PREMIERE: VANDANA Releases Evocative New Album ‘Nox Anima’
THE PLAYGROUND is excited to premiere Nox Anima, the new EP from singer and producer Vandana, out today.
Vandana creates a hazy and lurching mood on her latest release Nox Anima, an atmosphere which is paired with considerable intimacy, reflected neatly by the fact that the only other personnel on the album is Ryan Casey, a close friend and ex-bandmate of the artist. The overall project brings to mind comparisons with artists such as fka twigs and Arca, though with clean and accessible vocal talent, a personal style is clearly being developed. Of the EP, Vandana says:
“This was quite a conflicting EP for me to get done. My personal life was in upheaval at the time and I had a ton of songs to choose from – I finally decided to do just 5 for this. Having Ryan Casey, my friend and x-band mate step in to co-produce it on the closing stages of production really helped realize it for me. He is incredibly talented and knowledgeable, and opens my eyes a little wider every day.”
Despite an ominous opening, synth chords striking low whilst organs whisper in either ear, opener ‘Vicious’ holds a seductive and brooding cloud over the listener. As Vandana sings in a breathy and sultry manner, calling for something or someone who is either not quite there or ignoring her, the track slowly builds to a gripping crescendo – leads soar through the air, whilst synths are phased to trigger a swelling effect, dipping in and out of the mix, and, when paired with the vocals, the impact is truly cathartic. Percussion is mixed very well, rolling snares and tambourines complementing the more industrial based drums which are initially exposed to the listener.
With ‘Raven’ Vandana again executes a song which builds very convincingly – the song is centered on a bass synth striking repeated notes, occasionally distorting, detuning, and filtering out and in, creating a strong sense of instability despite the track, musically, being well structured. Vocoded backup vocals only add to this effect. A dark breakdown is sandwiched between such sections, with almost Arabesque vocal melodies unsettling the listener, before dropping back into the bass synth verse. Taking inspiration from Edgar Allen Poe, the song mirrors sombre and gothic effects.
Vandana: “I’ve always wondered what Tim Burton Or Edgar Allen Poe would’ve been like as kids, I have a fondness for outcasts. Little kids don’t have broken hearts, unless an adult breaks it for them, they don’t ask you how your day was, from their point of view, you didn’t have one. This is a darkly humoured gothic fantasy track following a child going about her business, she’s clearly out of place in her black hooded clothing but completely whole and cheerful within, oblivious to outside energy.”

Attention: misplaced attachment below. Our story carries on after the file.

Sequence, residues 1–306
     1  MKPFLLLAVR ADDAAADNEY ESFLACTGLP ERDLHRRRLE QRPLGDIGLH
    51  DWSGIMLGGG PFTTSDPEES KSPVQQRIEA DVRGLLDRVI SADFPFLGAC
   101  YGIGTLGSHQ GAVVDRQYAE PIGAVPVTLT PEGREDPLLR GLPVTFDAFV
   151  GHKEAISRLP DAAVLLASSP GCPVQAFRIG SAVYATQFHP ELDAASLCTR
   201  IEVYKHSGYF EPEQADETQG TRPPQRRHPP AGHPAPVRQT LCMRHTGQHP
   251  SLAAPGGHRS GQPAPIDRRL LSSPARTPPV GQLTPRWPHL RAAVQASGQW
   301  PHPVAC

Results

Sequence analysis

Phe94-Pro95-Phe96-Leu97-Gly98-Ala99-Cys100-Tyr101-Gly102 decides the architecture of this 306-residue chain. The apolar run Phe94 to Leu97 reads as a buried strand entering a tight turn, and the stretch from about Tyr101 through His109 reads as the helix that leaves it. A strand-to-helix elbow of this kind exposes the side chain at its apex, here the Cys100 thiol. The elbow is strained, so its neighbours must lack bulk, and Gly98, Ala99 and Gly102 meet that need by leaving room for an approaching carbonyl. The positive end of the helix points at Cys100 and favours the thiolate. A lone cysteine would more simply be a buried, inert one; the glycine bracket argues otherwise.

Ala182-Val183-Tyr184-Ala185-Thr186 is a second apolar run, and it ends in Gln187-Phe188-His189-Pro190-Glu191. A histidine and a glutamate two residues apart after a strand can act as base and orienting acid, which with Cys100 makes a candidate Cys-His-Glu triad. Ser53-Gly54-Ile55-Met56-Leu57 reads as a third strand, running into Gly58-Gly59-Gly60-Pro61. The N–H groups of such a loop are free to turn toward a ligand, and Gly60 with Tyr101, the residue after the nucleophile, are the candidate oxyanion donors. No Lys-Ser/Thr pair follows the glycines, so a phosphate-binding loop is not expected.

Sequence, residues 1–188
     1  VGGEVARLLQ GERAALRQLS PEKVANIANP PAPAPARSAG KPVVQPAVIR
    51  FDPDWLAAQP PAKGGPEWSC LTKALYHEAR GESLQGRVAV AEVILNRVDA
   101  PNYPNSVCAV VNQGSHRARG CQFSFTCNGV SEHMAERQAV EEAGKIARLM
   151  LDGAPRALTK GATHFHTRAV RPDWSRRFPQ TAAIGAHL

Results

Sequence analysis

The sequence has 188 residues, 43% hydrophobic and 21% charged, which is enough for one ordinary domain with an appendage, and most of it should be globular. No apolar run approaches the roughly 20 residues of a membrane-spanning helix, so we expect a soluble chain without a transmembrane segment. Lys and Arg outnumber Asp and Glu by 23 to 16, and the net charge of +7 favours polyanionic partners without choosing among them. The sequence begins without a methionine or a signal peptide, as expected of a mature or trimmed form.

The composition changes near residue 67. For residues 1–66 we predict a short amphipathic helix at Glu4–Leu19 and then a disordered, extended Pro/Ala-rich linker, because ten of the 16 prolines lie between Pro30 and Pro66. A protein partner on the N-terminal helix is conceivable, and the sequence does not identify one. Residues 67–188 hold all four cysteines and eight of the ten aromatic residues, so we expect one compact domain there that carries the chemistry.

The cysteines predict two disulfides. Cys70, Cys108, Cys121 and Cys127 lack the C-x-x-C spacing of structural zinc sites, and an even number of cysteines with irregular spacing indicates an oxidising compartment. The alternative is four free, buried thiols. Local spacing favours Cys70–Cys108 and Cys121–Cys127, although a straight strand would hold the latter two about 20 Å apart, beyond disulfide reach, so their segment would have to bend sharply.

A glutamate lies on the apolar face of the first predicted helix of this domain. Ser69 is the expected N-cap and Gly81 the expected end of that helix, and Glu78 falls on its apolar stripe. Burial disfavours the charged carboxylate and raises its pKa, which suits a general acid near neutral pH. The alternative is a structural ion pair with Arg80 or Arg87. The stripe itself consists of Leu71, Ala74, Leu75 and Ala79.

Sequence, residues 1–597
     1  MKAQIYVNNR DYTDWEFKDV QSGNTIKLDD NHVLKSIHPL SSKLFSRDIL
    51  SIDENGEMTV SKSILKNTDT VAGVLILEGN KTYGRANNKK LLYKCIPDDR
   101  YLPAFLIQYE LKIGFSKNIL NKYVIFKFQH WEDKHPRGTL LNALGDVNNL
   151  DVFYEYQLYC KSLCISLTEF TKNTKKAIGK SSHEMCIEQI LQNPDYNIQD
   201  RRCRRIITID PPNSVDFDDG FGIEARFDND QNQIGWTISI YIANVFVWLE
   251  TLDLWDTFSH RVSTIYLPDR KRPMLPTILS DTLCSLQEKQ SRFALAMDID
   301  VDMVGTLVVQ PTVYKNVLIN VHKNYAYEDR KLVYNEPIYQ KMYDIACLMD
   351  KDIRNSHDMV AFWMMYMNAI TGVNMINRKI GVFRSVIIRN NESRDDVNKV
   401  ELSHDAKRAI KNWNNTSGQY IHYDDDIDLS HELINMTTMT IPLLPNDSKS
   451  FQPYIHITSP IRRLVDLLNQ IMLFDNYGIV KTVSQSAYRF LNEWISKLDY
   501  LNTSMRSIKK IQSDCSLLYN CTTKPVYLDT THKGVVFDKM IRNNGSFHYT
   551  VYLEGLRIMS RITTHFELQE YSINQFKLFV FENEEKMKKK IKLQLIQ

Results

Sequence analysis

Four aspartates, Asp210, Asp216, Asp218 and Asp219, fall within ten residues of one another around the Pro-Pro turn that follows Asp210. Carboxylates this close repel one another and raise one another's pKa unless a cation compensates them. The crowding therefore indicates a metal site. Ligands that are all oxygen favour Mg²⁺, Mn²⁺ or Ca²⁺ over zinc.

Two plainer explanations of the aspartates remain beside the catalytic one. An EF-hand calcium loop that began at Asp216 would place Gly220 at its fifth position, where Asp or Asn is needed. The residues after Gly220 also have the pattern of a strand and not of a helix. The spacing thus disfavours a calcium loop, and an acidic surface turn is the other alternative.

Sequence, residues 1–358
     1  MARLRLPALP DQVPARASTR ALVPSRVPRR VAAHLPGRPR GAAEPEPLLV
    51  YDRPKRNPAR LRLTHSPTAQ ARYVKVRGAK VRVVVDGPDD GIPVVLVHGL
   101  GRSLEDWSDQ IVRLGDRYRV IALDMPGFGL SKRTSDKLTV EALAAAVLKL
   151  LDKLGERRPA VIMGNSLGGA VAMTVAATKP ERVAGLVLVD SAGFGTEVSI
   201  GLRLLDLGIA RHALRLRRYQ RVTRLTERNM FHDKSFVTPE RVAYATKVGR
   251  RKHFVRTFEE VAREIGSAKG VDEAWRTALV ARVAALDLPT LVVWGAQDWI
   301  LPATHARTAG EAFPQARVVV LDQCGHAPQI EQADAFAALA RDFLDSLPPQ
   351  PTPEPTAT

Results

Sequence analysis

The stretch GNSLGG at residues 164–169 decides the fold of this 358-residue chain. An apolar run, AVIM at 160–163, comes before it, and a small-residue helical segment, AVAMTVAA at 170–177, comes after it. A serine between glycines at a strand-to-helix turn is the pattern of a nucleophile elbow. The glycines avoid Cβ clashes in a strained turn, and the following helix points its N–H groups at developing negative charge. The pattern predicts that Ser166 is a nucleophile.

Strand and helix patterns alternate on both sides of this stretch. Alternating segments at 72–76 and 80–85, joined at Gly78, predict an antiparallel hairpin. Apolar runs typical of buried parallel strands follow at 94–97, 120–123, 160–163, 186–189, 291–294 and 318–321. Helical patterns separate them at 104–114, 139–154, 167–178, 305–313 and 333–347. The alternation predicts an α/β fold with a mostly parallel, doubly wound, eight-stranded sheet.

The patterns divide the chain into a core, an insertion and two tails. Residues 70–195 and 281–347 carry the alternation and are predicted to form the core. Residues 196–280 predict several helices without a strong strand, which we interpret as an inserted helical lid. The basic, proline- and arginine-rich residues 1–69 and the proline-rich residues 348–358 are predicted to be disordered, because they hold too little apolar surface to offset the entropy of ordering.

‘Nearly’ sees the artist explore trip-like aesthetics whilst maintaining an industrial electronic base. Delay-laden synths of metallic nature are brought in as the first half of the track builds tension and frustration, sitting on top a droning bass synth whilst Vandana soars over irregular percussion, telling tales of a troubling relationship, a seeming reduction in personal freedom. The juxtaposition of this sequence with a celestial organ towards the latter half of the track, with a decidedly more uplifting feeling, brings on emotions of closure, of acceptance regarding the end of a particularly tumultuous event. Machine like percussion stops the near 6-minute track from becoming stale.
Acid-house synths drive ‘Jaan’ forward, a grainy and distorted back-up synth being pitch-bent to meet with the chordal structure of the verses. The entry of the Moog organ in the chorus which remains until the end of the track, paired with strong vocal harmonies, sits well, preparing the track for an instrumental close-out, bubbling synths popping in for a few notes at a time. An abrupt finish leaves the listener desiring more as they are ripped from the murky waters of the track.
Vandana: “Jaan has been around for a bit, I’ve played it live for a while and over that process is when the song really came to being what it is now. The chorus section remained an instrumental Moog musing for a long time until I decided to write a vocal melody over it one morning and loved the way it transformed into a melancholic, apocalyptic journey – juxtaposed against the acidic, driving synths and the dense, swamp like quality of the drums. It’s an endurance test of love in survival mode, reconnecting with our primitive, animal side.”
And introspective close to the EP, the bass synth on ‘Dare Me Devil’ recalls almost grime-like production, though the song is of course not contained within that genre. Vandana confronts herself, her changing moods and personalities, her movements between light and dark. Vulnerability and intimacy are prolific on the track, especially in the outro, arpeggiated synths swimming around the artist’s floating vocals (showing strong falsetto), before the techno-like beat is met by sporadic snares and the track slowly breaks down.
Vandana: “This is my favourite track on the EP, it’s me at my most vulnerable, the words are fucking dark and honest. I hit the wall only for it to turn into a mirror. It’s hard to admit to yourself the self-indulgent pleasure seeker within, constantly dancing with the yin and yang polar-opposites. In my alternate reality, these are many faces of myself.”
On the whole, Nox Anima represents a cohesive effort which experiments and mixes genres to keep the listener engaged but not isolated and lost – it’s surprisingly easy to get lost in the instrumental segments of the track which slowly build, heaping emotion at the listener’s feet. One can imagine that live performances of the EP would be an enveloping and enigmatic experience to say the least.
Stream Nox Anima exclusively below:
Don’t miss the Nox Anima EP Release Show – Halcyon at Output in Williamsburg, June 10th. Stay tuned for more info.
Words by Mo Hafeez